Home Bankrate.com Should You Pay Debts First Or Save? Use These Guidelines To Decide

Should You Pay Debts First Or Save? Use These Guidelines To Decide

2020 has proven to be a difficult year in more ways than one.

The coronavirus pandemic in particular has shone a light on the many economic disparities in America and has left millions of Americans struggling to make ends meet. Many have found themselves tapping into their emergency savings — or worse, wishing they had some. 

On top of this, 34 percent of millennial credit card holders said that they had fallen further into debt as a direct result of the pandemic, according to a recent CreditCards.com survey, a sister site of Bankrate.

Juggling debt and worrying about building your savings at the same time can really weigh on a person. While there’s no right answer for everyone, here are scenarios for when each choice – paying down debt or saving – makes more sense.

Faith Based Events

When to make saving priority 

There are a number of good reasons to save first and pay down debt later.

Some of the top reasons include:

  • Debt with a very low interest rate
  • Access to an employer 401(k) match program
  • No emergency savings

If you have a credit card or other debt with a very low interest rate, it may make sense to save first, says Melissa Joy, a certified financial planner and founder of Pearl Planning, a financial planning and wealth management practice in Dexter, Mich.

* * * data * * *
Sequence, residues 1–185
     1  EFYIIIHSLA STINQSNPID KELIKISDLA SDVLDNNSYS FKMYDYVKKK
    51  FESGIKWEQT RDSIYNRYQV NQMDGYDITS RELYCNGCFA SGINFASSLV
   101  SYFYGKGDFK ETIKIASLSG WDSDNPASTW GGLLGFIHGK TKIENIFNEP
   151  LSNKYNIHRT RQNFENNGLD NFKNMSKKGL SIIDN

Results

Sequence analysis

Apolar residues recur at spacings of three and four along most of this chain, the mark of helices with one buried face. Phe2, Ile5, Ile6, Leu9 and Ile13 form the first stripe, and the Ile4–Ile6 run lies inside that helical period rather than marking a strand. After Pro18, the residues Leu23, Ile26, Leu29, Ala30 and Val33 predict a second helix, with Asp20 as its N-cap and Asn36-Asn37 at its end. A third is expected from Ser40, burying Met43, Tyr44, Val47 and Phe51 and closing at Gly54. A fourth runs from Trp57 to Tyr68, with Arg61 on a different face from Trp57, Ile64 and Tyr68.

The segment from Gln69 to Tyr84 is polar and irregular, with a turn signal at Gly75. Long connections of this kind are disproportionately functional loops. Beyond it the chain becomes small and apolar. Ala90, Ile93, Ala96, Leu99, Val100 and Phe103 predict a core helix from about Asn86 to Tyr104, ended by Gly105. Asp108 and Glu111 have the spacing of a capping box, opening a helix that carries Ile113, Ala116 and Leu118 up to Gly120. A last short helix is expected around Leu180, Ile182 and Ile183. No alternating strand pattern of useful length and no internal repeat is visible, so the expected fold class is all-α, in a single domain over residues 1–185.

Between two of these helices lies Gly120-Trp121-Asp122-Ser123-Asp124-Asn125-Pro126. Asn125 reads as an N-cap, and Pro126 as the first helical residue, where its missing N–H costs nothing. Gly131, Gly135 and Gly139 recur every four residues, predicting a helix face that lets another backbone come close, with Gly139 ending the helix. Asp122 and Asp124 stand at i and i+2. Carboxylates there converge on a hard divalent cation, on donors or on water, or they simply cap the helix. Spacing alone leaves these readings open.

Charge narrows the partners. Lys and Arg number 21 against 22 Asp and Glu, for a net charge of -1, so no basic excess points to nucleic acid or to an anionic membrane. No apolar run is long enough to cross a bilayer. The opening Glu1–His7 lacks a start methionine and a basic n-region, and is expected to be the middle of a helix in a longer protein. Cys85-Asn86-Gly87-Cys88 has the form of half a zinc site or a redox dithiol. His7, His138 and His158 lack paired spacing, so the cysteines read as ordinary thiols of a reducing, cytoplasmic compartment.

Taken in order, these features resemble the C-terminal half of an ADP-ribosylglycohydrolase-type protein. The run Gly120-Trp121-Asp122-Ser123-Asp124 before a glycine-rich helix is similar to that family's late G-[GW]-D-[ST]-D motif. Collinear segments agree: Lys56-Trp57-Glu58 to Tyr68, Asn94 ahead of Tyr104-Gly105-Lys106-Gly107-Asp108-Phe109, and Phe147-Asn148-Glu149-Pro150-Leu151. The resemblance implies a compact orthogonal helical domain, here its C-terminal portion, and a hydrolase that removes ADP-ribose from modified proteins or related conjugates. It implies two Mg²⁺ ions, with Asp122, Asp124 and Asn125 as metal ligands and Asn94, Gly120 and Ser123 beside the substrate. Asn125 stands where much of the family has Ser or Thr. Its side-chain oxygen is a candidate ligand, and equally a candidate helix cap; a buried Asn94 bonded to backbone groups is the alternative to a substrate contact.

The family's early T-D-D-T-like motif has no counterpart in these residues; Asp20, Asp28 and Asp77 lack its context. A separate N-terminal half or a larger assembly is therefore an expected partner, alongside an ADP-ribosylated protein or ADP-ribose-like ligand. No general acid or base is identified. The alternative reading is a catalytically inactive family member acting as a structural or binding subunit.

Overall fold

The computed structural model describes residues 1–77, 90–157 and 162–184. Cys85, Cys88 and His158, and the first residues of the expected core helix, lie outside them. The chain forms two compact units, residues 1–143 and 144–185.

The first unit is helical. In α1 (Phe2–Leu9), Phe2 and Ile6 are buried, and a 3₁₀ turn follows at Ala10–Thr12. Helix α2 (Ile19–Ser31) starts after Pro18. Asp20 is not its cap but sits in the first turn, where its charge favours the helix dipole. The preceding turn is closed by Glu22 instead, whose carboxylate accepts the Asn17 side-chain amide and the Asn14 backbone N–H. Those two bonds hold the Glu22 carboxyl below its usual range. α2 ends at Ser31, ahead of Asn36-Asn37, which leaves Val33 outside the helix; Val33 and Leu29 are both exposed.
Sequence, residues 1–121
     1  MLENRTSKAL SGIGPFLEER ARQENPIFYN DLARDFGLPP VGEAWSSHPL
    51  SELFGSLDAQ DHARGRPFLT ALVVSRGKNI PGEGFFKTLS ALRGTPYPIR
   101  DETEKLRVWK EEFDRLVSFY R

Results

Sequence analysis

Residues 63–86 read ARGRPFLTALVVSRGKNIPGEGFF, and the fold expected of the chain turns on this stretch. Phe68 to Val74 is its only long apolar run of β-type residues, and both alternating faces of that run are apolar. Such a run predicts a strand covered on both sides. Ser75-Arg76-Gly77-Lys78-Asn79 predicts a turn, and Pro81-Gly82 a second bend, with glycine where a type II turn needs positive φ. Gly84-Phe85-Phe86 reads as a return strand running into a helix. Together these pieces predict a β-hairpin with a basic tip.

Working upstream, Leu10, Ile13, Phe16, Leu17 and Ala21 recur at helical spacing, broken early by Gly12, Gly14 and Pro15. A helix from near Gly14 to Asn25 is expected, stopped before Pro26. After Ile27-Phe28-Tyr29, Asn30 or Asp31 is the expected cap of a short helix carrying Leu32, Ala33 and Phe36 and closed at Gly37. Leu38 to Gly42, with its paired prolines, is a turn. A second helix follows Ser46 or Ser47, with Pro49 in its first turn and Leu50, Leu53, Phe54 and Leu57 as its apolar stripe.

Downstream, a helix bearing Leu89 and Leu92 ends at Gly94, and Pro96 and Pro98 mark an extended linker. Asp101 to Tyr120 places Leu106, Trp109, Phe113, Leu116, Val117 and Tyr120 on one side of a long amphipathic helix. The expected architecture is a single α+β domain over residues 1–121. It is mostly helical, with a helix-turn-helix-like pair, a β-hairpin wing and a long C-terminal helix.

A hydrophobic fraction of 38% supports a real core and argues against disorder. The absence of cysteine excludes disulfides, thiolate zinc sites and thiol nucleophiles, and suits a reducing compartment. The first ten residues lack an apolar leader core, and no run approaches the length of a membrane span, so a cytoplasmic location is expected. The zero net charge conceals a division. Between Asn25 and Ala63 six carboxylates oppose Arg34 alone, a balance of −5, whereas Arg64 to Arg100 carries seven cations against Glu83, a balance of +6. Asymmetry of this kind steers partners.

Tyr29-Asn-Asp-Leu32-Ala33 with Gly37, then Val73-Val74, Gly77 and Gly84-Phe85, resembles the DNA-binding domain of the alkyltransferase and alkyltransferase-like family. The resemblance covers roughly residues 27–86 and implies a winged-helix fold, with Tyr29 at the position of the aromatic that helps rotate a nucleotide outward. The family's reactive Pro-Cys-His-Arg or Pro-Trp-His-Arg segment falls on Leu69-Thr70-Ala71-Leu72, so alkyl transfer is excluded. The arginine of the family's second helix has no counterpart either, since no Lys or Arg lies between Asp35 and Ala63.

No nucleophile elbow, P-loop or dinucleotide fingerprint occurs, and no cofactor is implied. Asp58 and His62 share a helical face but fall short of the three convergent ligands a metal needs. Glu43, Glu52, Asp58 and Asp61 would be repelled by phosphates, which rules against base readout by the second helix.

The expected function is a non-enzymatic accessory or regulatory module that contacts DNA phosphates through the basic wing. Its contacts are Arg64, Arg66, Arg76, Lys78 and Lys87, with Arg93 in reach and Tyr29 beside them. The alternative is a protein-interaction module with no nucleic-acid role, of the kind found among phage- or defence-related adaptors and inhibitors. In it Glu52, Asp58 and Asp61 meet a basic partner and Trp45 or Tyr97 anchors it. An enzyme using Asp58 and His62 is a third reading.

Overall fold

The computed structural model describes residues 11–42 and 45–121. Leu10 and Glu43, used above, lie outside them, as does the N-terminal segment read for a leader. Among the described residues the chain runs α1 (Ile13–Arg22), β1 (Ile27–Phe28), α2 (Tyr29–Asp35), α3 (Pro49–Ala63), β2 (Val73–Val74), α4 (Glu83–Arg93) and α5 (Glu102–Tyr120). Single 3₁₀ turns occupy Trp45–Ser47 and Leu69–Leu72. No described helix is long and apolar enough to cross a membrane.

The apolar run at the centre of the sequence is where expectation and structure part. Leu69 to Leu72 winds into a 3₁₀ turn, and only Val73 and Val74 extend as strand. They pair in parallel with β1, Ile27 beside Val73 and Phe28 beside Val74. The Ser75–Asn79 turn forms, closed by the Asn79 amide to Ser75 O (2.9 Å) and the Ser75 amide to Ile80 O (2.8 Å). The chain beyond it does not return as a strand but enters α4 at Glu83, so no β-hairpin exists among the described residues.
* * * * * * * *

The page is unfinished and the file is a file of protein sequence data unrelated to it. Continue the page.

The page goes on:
Another situation where it makes sense to save before paying off debt is if you have access to a retirement savings plan through your job, especially if there’s an employer match available. Try to contribute at least enough to get the maximum employer match. If you aren’t doing this, you are effectively turning away free money.

And putting off saving for retirement until you are debt-free could cost you your most valuable asset: time. With compound interest, even small contributions to your retirement plan can grow significantly.

However, the top reason to make saving a top priority over paying down debt is to build your emergency fund. Without some money saved up, you could simply wind up adding to your credit card debt in order to pay for an unexpected car repair or a trip to the emergency room.

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